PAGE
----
Homelessness could rise after Universal Credit roll-out, Welwyn Hatfield Council warns

PUBLISHED: 15:12 03 November 2017 | UPDATED: 15:12 03 November 2017

Universal Credit is being rolled out gradually at job centres across the country

Universal Credit is being rolled out gradually at job centres across the country


Welwyn Hatfield Council has voiced fears over increased homelessness and soaring rent arrears amid the imminent roll-out of Universal Credit.

The welfare initiative – set to be introduced locally in December – is designed to replace six means-tested benefits, but the Tory-run council has agreed to contact MP Grant Shapps highlighting its concerns over the six-week pay delay.

WHC published a document online claiming rent arrears in the borough, currently around £1.14million, are expected to rise by a “minimum” of 50 per cent – and could result in “significant increases in applications for discretionary housing payments”.

The council document reads: “There is a risk of disruption to benefit claimants who are often vulnerable people in society as a result of the DWP [Department for Work and Pensions] roll-out of Universal Credit.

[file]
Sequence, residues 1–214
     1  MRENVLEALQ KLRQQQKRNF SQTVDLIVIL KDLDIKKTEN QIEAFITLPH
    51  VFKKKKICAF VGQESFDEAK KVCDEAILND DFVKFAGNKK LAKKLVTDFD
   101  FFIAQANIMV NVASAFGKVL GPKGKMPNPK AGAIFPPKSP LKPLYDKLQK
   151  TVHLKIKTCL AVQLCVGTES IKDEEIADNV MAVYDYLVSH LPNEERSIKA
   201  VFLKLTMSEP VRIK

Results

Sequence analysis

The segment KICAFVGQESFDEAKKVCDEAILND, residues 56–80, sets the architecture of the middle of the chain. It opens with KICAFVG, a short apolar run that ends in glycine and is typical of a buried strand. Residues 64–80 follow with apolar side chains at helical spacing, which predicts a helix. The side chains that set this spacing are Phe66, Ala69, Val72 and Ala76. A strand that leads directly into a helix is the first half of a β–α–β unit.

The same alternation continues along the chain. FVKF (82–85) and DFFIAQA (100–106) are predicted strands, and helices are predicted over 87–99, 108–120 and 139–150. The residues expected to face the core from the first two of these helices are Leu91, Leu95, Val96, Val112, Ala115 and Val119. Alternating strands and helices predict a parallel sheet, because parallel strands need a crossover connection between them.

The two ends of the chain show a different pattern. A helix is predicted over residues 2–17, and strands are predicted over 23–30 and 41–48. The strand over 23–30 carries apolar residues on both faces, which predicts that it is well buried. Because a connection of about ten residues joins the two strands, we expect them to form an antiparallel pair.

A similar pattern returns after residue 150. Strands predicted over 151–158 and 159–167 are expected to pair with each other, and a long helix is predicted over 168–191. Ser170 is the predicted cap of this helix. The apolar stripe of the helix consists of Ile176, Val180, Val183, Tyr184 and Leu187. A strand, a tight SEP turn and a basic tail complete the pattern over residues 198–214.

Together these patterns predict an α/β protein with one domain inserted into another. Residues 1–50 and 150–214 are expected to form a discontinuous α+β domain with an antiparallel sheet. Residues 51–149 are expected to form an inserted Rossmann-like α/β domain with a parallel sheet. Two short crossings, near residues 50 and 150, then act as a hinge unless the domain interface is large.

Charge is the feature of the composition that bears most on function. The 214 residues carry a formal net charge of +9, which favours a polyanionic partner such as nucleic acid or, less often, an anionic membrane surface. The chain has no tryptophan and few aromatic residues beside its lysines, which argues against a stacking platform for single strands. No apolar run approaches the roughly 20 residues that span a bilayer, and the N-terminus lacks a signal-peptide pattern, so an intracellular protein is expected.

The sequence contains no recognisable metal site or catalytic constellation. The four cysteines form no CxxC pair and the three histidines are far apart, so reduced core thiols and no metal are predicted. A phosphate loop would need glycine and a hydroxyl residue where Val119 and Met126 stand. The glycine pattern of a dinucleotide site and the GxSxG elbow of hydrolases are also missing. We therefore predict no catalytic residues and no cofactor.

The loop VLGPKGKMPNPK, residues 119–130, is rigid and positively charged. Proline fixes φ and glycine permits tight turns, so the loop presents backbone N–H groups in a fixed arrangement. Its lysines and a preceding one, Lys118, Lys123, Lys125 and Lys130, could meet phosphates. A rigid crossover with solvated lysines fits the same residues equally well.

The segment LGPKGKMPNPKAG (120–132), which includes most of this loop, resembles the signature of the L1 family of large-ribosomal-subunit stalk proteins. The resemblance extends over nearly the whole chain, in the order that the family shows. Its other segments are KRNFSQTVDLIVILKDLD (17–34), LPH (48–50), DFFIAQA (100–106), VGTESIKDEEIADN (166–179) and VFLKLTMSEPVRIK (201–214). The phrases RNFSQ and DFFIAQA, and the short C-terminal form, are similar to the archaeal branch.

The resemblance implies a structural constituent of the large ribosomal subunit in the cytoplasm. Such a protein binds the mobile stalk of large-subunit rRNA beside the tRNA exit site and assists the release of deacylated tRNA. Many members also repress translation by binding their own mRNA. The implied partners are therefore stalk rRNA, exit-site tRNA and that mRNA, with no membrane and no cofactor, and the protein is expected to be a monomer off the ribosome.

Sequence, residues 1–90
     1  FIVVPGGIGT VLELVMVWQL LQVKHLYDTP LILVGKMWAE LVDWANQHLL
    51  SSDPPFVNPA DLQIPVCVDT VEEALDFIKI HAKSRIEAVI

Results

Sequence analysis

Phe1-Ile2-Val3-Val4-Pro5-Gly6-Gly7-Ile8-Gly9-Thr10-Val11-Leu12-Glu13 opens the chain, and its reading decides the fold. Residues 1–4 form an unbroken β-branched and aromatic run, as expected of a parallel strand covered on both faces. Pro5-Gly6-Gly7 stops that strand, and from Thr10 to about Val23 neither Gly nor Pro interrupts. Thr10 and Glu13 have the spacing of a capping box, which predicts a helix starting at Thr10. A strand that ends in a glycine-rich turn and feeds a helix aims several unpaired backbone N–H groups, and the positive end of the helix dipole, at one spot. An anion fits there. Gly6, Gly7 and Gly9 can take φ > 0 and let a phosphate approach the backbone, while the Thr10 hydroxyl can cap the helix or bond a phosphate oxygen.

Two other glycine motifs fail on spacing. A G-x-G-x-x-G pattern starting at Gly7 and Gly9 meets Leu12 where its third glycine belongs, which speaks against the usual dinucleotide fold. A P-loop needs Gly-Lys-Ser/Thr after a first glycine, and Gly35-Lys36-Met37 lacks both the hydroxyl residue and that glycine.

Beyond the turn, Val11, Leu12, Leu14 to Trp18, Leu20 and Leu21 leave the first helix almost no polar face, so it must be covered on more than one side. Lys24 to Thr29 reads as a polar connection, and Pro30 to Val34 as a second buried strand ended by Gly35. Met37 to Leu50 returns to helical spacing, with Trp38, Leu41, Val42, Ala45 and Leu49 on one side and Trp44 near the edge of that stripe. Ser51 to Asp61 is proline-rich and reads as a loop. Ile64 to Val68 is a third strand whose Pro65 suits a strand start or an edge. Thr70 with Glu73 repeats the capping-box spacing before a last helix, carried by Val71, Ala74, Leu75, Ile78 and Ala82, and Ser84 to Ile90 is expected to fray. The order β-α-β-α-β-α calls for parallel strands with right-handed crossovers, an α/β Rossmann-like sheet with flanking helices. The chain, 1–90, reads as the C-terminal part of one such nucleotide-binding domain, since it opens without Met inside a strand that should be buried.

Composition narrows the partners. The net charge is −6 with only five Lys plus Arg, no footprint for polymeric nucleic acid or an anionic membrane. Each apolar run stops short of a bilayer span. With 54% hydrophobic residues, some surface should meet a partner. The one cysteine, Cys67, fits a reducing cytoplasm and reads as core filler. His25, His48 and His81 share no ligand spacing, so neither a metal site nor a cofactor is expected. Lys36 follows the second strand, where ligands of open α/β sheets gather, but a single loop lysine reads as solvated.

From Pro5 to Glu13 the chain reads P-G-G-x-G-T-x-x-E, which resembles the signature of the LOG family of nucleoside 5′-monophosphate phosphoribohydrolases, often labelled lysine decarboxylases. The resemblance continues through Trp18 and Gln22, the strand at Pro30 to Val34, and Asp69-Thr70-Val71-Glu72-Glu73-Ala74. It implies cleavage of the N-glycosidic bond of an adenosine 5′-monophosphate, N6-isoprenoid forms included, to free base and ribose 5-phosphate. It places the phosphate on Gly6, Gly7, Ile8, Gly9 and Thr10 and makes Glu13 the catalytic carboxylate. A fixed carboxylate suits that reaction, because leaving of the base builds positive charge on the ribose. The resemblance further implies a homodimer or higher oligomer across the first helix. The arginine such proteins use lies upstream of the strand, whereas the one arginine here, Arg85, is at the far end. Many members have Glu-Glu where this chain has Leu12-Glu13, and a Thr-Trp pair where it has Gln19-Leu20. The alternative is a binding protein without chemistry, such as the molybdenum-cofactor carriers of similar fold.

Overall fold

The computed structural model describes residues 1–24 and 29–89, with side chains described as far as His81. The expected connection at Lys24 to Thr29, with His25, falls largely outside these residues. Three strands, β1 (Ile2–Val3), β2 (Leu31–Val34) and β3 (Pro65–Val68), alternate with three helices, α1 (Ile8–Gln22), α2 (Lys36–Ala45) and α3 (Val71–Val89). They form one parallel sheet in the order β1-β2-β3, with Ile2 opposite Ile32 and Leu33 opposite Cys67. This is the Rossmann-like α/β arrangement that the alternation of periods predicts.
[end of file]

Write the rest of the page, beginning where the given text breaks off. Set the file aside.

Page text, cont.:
“There is also a risk of the roll-out creating an incentive for people to limit their working hours in order to keep receiving benefits.”

It continues: “The council could see a rise in homeless claims as a result of the roll-out, due to the delay in claimants receiving payments, which may lead to a build of rent arrears.”

The fears follow scathing criticism from the local Labour Party, which claimed not postponing the scheme’s roll-out until the pay delay is resolved would cripple society’s most vulnerable.

•Labour councillors rip into Shapps over Universal Credit

Should it proceed as planned, WHC’s role will shift to a more advisory position, with core responsibility being centralised with the DWP.

But the council will receive £79k to oversee the implementation and management.

Welwyn Hatfield’s Tory MP Grant Shapps has said it is essential to remove the bureaucratic delay – a point he is making to Chancellor Philip Hammond – which he wants resolved before the local roll-out.

“I am a supporter of the principle of Universal Credit, but it is essential that it works in practice,” he added.

“Enabling people to get back into work is very worthy principle and so the Universal Credit is designed to work more like a pay packet, rather than the hotch-potch of benefits it replaces.

“However, no salaried employee would wait six weeks to be paid and I therefore consider it essential that any bureaucratic delay is removed.”

He said any council representations will be added to those he is already making, and stressed he will be a “doughty advocate” for anyone struggling during the transition.

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